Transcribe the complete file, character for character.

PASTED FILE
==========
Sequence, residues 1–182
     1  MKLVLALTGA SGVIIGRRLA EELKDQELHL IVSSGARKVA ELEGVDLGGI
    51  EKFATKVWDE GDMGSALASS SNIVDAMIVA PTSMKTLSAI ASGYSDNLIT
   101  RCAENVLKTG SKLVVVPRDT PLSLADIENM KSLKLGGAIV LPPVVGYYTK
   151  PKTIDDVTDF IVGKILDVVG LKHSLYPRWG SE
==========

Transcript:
Sequence, residues 1–182
     1  MKLVLALTGA SGVIIGRRLA EELKDQELHL IVSSGARKVA ELEGVDLGGI
    51  EKFATKVWDE GDMGSALASS SNIVDAMIVA PTSMKTLSAI ASGYSDNLIT
   101  RCAENVLKTG SKLVVVPRDT PLSLADIENM KSLKLGGAIV LPPVVGYYTK
   151  PKTIDDVTDF IVGKILDVVG LKHSLYPRWG SE